In addition to smoking, insurers will also look to see if you pursue any high-risk hobbies outside of your occupation, such as flying, racing, rock climbing, etc.
A single experience won’t earn you a higher premium, but a regular hobby could place you in a higher risk category.
Veteran or Active Military Status
Military status falls under the category of high-risk occupations. Most insurers charge higher rates to active duty military service members, and some don’t sell them policies at all.
Getting the Best Rate with Ladder
Your risk classification determines whether an insurer will raise your price from their base premiums. Those base premiums are generally based on three factors: mortality, interest, and company expenses.
Insurers use statistical mortality tables to estimate how many people in every demographic are likely to die each year. If they insure people in demographics with a high likelihood of death, they’ll raise their rates on them to minimize losses.
Premiums are also influenced by current interest rates.
Insurers increase their profits by investing the premiums you pay in bonds, stocks, and mortgages. A low expected return on those investments could result in higher premiums.
They also factor in all of their cost of doing business. The more a company spends on operating expenses, the more of that cost they pass onto their policyholders.
Rates can also vary from state-to-state. The NAIC is currently encouraging states to adopt laws that would provide more uniformity nationwide.
With so many variables affecting premiums, how can you ensure the lowest possible rates?
Many factors, such as gender and family medical history, are beyond your control. The best way to lower your rates is to change the variables you can.
Make healthier life choices – Blood pressure, BMI, and cholesterol are key measures on a medical exam. Do what you can to improve your numbers through diet and exercise.
Also, research the medical exam process so you know what to expect.
If you do smoke, not only should you quit, but you should quit immediately.
Ladder requires you to be tobacco-free for a year before you can claim a non-smoking rate.
Buy early – As previously discussed, life insurance rates increase with time. Lock in a lower rate as soon as you can before you age into a higher premium.
For example, the average 10-year, $500,000 policy for a 40-year-old male, non-smoker, is around $330 per year. That same policy for a 40-year-old costs $520. That five-year-jump increases the price by 57 percent.
Pay your premiums on time – Late payments result in penalties and could lead to the cancellation of your policy.
If you have a policy canceled for non-payment, you can expect additional fees to get it reinstated, or higher rates at the next insurer.
To give you an idea of how much a term life policy might cost, we’ve compiled a list of monthly sample rates for Ladder’s 10-year term policy for non-smokers at key ages.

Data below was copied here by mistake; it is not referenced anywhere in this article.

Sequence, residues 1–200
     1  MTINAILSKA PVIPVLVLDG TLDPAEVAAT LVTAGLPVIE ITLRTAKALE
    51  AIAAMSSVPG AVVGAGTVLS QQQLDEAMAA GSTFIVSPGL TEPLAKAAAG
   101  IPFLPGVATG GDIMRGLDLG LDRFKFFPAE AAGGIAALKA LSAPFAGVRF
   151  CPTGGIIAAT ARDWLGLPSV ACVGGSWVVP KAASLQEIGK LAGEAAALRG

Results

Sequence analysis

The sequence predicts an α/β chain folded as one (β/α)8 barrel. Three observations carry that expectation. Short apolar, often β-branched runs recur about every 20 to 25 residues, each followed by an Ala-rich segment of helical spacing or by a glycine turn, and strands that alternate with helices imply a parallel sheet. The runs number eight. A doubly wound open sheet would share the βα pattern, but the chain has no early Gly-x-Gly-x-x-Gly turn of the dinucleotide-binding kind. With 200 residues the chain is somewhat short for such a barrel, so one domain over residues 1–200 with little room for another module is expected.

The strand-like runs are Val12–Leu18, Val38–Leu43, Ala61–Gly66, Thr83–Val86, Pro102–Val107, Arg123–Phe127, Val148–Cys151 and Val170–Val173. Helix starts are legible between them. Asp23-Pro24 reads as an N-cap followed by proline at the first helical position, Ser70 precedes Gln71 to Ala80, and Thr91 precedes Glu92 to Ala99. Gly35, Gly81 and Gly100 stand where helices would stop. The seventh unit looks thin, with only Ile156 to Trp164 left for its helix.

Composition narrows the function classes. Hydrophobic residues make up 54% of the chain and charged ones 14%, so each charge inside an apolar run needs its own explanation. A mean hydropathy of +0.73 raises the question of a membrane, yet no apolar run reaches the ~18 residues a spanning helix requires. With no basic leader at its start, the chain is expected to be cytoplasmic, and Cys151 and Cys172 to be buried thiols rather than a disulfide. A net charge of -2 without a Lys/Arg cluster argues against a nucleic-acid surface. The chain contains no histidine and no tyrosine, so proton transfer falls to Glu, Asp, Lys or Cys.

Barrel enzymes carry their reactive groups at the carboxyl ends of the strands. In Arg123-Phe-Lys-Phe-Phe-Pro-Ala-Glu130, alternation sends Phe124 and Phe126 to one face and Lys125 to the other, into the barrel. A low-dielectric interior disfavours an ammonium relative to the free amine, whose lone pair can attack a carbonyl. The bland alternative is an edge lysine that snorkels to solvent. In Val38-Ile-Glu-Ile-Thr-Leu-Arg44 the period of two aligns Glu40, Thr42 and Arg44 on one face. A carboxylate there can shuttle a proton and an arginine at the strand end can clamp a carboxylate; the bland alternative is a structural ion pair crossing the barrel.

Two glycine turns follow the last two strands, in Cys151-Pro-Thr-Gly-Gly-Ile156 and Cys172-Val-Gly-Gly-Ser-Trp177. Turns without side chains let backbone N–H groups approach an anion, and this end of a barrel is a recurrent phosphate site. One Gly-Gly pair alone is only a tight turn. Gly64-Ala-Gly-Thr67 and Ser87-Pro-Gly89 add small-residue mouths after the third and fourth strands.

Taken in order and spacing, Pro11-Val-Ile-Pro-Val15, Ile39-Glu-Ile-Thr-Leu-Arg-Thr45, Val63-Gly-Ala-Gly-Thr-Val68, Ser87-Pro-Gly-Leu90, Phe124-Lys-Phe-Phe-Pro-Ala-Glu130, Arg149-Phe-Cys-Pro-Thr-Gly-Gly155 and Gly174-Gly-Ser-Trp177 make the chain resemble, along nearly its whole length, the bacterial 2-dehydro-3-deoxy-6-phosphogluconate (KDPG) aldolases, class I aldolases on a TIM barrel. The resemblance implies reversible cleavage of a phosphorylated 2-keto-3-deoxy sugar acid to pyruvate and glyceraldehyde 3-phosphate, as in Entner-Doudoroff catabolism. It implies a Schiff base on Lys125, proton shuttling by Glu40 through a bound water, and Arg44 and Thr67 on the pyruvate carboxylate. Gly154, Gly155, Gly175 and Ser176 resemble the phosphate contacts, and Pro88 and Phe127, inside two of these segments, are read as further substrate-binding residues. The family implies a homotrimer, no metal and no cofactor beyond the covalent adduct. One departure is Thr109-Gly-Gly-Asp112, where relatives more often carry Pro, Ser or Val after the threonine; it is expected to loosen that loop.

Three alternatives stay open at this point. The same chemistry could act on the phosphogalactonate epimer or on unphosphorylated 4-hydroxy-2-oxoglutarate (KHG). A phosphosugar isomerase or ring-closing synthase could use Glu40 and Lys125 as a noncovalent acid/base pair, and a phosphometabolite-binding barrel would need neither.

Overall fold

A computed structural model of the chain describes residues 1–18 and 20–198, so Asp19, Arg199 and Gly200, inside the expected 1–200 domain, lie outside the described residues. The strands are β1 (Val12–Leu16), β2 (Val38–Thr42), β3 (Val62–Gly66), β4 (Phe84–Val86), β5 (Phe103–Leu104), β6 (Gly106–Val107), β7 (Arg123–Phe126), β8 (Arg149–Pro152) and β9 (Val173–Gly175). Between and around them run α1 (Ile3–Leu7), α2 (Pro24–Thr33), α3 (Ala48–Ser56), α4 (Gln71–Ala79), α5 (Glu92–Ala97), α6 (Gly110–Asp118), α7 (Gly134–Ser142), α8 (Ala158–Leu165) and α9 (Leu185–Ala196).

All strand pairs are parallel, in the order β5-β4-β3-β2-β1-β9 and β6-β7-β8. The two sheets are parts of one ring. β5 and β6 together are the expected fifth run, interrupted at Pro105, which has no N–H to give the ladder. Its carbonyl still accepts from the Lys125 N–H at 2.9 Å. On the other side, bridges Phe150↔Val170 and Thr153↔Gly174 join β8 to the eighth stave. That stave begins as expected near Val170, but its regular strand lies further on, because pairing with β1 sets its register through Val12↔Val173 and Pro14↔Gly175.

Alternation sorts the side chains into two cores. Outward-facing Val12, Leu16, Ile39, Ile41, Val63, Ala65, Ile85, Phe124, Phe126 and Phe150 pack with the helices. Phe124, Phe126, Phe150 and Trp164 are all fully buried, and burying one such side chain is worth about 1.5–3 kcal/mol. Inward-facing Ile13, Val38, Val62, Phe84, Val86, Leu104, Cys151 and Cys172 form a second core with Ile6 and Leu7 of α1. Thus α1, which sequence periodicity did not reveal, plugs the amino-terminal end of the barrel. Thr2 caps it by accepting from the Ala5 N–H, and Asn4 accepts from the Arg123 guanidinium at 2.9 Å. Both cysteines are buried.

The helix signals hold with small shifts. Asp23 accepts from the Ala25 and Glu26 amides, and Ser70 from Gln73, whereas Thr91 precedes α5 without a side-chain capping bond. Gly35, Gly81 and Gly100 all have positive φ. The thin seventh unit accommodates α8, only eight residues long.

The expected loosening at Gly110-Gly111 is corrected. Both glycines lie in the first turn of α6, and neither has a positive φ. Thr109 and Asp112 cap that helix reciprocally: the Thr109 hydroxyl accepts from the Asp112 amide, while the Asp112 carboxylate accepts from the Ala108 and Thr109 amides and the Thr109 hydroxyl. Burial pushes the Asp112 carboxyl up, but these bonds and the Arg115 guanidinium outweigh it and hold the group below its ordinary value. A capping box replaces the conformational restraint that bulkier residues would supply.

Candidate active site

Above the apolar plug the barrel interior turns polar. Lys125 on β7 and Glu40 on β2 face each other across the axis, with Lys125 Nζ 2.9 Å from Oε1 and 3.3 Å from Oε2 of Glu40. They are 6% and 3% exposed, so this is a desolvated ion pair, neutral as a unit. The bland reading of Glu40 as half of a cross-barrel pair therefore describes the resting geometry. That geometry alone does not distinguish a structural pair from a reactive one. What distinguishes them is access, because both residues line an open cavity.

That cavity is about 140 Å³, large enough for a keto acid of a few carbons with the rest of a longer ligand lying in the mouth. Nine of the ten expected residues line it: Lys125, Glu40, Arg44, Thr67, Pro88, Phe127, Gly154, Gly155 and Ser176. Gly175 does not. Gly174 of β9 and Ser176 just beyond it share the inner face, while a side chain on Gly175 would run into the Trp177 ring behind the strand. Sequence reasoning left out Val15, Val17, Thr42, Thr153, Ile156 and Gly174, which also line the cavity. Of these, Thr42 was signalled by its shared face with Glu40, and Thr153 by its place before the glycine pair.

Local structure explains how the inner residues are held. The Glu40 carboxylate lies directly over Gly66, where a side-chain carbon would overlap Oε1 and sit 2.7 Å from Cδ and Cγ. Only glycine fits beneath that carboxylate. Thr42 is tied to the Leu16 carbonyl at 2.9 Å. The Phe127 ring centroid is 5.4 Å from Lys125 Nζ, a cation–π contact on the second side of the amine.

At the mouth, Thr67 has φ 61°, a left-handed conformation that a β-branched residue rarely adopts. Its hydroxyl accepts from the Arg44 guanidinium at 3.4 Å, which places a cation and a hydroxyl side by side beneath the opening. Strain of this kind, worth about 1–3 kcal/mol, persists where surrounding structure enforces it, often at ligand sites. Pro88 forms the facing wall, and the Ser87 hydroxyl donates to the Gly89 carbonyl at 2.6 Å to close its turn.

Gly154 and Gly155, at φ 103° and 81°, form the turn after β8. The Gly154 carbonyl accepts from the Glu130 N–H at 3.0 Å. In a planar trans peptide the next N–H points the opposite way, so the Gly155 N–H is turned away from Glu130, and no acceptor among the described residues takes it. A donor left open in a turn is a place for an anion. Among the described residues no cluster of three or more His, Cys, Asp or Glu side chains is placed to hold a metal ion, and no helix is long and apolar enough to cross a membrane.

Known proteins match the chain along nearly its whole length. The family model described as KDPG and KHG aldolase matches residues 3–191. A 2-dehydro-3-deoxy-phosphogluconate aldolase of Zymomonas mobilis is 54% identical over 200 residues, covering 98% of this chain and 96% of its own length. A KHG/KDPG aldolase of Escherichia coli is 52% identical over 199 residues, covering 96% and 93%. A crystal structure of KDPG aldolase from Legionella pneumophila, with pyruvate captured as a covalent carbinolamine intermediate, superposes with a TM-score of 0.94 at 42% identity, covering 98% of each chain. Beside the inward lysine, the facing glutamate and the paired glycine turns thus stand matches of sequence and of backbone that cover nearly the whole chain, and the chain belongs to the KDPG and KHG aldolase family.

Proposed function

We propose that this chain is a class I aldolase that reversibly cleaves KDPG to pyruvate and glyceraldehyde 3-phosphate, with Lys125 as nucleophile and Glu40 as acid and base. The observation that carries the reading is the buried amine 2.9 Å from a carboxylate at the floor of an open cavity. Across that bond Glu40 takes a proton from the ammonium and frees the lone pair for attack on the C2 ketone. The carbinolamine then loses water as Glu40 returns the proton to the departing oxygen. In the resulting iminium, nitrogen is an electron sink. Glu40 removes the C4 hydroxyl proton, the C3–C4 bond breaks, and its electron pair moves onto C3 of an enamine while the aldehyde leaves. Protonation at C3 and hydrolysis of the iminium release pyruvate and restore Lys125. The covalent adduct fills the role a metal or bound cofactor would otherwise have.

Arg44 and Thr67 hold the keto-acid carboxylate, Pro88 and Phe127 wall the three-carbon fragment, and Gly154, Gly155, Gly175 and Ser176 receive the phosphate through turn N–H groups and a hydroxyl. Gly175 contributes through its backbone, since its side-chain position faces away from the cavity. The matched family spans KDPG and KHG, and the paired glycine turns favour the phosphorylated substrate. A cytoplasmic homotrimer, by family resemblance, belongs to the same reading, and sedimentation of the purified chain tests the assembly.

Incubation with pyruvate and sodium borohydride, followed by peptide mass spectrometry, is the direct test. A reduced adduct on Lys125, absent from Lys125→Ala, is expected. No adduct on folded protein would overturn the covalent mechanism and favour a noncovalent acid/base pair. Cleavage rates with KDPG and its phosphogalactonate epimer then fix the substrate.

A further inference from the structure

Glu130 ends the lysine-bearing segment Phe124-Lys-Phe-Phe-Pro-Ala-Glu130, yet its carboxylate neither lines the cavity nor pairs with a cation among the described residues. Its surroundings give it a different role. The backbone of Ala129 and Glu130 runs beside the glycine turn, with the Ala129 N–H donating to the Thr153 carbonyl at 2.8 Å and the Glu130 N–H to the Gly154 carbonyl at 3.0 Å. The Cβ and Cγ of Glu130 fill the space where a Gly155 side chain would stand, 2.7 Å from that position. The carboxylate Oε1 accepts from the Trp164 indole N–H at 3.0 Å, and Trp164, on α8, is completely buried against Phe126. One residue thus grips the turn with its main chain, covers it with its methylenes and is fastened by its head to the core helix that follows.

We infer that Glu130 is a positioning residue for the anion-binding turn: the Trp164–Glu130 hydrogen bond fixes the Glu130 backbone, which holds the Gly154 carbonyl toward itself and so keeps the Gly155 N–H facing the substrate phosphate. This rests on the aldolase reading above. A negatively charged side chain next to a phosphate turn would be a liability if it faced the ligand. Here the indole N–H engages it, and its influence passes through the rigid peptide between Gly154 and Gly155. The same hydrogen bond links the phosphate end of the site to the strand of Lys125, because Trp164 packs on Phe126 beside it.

|Age||$100,000 – Male||$100,000 – Female||$250,000 – Male||$250,000 – Female||$500,000 – Male||$500,000 – Female|
Smokers can expect to pay rates between 100 and 200 percent higher, depending on age and other demographic factors.
Ladder has several additional life insurance resources on its website.
First is a basic life insurance calculator that can help you determine your specific life insurance needs before requesting a quote or starting an application.
The main resource is an extensive blog on a wide variety of topics. The blog is updated frequently and provides answers to a majority of life insurance questions.
There are also a larger number of posts dedicated to general wellness topics and financial issues, an extensive FAQ section, and an extensive collection of life insurance tips.
Even if you decide that Ladder isn’t the insurer for you, their blog is worth reading to gain some insight into the life insurance process and answer any lingering questions you might have.
Ladder also has a referral program. If you refer a friend and they get an approved offer for coverage, you get $50 and they get $10. You can earn up to $1,000 in referral payments.
Currently, the program is only available to residents of California, but Ladder is working to expand it nationwide.
Canceling Your Policy
If you do need to cancel your policy completely, you can do so at any time.
There are generally no refunds on premiums when you cancel a life insurance policy.
For a term policy, you would only receive a refund on prepaid premiums for an upcoming period.
How to Cancel
To cancel your Ladder life insurance policy, all you have to do is log in to your account and follow the simple instructions.
If you do have problems for any reason, you can contact customer service, and they can assist.
How to Make a Claim
The overall process of filing a death benefit claim with Ladder follows general industry-standard steps:
- Initiate a claim
- Fill out company-specific paperwork
- Submit the paperwork along with a death certificate and any other requested documents
- Choose a disbursement method
- Receive the benefits
To initiate a claim with Ladder, send an email to firstname.lastname@example.org. The claims department will then send the appropriate claims forms to the beneficiary.
When initiating a claim, Ladder requests that you provide the insured’s full name, date of birth, and policy number, if available.
How to Get a Quote Online
Getting an online quote from Ladder is simple. Plus, if you like the rate you see, you can continue with your application and be approved for a policy in less than five minutes.